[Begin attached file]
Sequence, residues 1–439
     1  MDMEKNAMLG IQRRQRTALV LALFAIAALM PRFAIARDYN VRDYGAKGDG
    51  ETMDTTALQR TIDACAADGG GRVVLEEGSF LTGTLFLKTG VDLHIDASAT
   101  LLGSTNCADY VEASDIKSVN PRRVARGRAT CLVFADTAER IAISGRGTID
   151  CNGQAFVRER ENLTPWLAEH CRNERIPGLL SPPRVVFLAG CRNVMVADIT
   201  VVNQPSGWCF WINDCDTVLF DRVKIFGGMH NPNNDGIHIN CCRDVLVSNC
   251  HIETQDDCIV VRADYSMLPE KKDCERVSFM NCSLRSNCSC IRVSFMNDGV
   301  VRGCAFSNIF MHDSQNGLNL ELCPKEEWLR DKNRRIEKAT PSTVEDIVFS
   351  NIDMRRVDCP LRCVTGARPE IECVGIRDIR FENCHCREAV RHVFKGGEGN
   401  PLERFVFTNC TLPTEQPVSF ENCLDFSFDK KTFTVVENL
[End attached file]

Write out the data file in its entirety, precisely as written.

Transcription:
Sequence, residues 1–439
     1  MDMEKNAMLG IQRRQRTALV LALFAIAALM PRFAIARDYN VRDYGAKGDG
    51  ETMDTTALQR TIDACAADGG GRVVLEEGSF LTGTLFLKTG VDLHIDASAT
   101  LLGSTNCADY VEASDIKSVN PRRVARGRAT CLVFADTAER IAISGRGTID
   151  CNGQAFVRER ENLTPWLAEH CRNERIPGLL SPPRVVFLAG CRNVMVADIT
   201  VVNQPSGWCF WINDCDTVLF DRVKIFGGMH NPNNDGIHIN CCRDVLVSNC
   251  HIETQDDCIV VRADYSMLPE KKDCERVSFM NCSLRSNCSC IRVSFMNDGV
   301  VRGCAFSNIF MHDSQNGLNL ELCPKEEWLR DKNRRIEKAT PSTVEDIVFS
   351  NIDMRRVDCP LRCVTGARPE IECVGIRDIR FENCHCREAV RHVFKGGEGN
   401  PLERFVFTNC TLPTEQPVSF ENCLDFSFDK KTFTVVENL